A CONSERVATIVE inspired by her dealings with the NHS, a Labour
candidate who worries about where the next George Lansbury is, and
a Pirate keen to debate Edward Snowden's revelations are among the
Christians fighting for a seat in Parliament this year.
Representing parties from across the spectrum, they all believe
that their party best reflects their Christian faith.
"Our faith teaches us that we should build a society where
people can fulfil their potential," Suzy Stride, the Labour
candidate for Harlow, a semi-marginal Conservative seat, says. "It
is ridiculously obvious that we live in a country where your
postcode and facts outside of your control can determine your
Brought up in one of the most deprived areas of the country, she
has worked for many years for a charity helping disadvantaged young
people in Tower Hamlets.
"I struggle to understand a lot of Tory MPs, because I believe
our first priority has got to be justice. . . Conservative MPs
voted 18 times to protect millionaires' bonuses, but voted to scrap
the Jobs Guarantee."
She feels "sad" that Christians are "so hands-off about
politics. . . Where are the present day George Lansburys and Keir
Hardies -Christians who joined the Labour Party to fight for social
justice and sort out workhouses?"
Caroline Ansell, the Conservative candidate for Eastbourne and
Willingdon, a marginal Liberal Democrat seat, was inspired to enter
politics after her son was diagnosed with a brain tumour.
"The only question we did not have to ask was: 'How much will it
cost, and how will we ever pay for it?'" she says. "We fell into
the arms of the NHS, so have this powering sense of gratitude to
Her faith marries with her choice of party, she says, because it
"relates back to that belief that every person is created in the
image of God, and is unique and has potential and promise and
something to bring to to the world. Conservatives are looking for
people to fulfil that potential."
Asked about the media's portrayal of the Government's programme,
she felt that the party had been "held hostage to some rather
negative presentation. . . Although we have weathered the storm . .
. there are still people here who need a new opportunity, who need
a second chance, who need that lift. So that has been my pledge: no
one to be left behind."
Dr Brian Mathew is standing for the Liberal Democrats in
Wiltshire North, a safe Conservative seat, after working for years
as an engineer in international development. Growing up with two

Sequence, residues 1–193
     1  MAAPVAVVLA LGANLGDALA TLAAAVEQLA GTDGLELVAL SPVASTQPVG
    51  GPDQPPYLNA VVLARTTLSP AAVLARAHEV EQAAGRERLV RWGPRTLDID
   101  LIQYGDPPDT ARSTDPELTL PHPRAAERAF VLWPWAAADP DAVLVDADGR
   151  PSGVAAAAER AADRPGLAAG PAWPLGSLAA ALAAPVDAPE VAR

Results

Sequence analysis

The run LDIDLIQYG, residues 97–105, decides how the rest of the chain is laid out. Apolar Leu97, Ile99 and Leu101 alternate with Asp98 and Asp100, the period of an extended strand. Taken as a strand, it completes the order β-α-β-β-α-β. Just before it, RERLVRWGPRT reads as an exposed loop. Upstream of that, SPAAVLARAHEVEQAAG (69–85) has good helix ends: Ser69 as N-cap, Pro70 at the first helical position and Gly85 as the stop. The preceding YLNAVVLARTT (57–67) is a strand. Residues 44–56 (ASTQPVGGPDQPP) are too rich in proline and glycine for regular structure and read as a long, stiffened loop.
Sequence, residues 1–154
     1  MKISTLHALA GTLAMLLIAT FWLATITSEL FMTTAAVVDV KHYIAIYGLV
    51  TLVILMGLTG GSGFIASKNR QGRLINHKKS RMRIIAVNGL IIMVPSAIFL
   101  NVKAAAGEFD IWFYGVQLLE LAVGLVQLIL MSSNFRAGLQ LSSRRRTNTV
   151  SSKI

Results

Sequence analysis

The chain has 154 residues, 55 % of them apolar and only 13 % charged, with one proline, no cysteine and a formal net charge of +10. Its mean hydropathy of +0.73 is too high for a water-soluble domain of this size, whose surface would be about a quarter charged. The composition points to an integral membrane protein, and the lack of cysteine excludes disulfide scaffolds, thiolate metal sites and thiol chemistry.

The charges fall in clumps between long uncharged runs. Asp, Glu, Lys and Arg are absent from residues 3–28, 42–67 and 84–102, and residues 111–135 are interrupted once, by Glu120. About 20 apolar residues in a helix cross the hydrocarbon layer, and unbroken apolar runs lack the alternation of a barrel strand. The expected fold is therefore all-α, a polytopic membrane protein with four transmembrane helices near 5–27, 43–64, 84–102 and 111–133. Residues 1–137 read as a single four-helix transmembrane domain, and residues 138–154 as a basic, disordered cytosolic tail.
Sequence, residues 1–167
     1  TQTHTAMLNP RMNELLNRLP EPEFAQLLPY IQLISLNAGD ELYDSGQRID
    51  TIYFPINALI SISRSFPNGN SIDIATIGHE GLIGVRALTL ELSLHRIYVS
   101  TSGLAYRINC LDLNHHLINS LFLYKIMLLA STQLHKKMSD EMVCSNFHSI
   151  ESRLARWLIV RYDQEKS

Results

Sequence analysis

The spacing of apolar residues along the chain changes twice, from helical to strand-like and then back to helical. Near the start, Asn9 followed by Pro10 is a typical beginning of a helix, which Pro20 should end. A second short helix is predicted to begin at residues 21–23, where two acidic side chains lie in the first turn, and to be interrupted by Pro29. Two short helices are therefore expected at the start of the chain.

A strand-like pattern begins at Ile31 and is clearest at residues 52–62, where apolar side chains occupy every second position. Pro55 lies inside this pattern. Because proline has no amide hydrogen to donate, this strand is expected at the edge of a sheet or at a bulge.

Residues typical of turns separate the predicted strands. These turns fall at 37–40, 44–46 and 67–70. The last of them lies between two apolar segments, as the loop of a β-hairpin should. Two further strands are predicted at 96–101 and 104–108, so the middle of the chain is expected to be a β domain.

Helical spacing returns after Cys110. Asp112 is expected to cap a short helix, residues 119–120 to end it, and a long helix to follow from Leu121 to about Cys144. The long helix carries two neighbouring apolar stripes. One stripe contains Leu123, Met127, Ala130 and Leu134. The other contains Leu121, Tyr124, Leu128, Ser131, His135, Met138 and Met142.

deaf sisters had a "profound effect" on him.
"I have always found, personally, the Conservatives too much in
favour of big business and not taking into account people; and the
Labour Party too controlling," he said. "The Liberal Democrats are
a broad church of what is fundamentally decent in the human
One of his priorities, were he to be elected, would be tackling
climate change, the effects of which he has seen as an aid worker:
"In terms of the great tradition of Christian stewardship, we need
to be taking this very, very seriously."
Jonathan Bartley is running for the Green Party in Streatham, a
semi-marginal Labour seat, where the Greens had two per cent of the
vote in 2010. He has "never been particularly tribal about my
politics", he says, but believes that the Green Party is a "natural
fit" for him. He cites its commitment to "active peacemaking" and
the Living Wage, and argues that "it is the only main party that is
consistently challenging austerity."
He questioned the claim made by some Christians that it was
necessary to join one of the bigger parties in order to make a
difference. "My experience working in and outside the House of
Commons is that quite often Christians are pretty ineffective. The
party whip is strong and the tribal spirit means that they often
end up voting for their party rather than standing up for what is
This message should encourage Mark Chapman, who is standing for
the Pirate Party in Vauxhall, a safe Labour seat. Started in Sweden
in 2006, "standing up for internet freedom and government
transparency", the party has two MEPs.
"There is an element to which the core principle of the party is
evidence-based policy which leads it to be quite scientific and
rationalist; so it might not seem the most obvious Christian fit,"
Mr Chapman said. "But for me the element is liberty and freedom. .
. Christ came to preach freedom to everyone."
Mr Chapman is concerned about civil liberties, and believes that
the debate that is needed is not happening: "Things revealed by
Edward Snowden and others about mass surveillance haven't even been
discussed effectively in this country."
A request to UKIP for the contact details of a Christian
candidate was unsuccessful.
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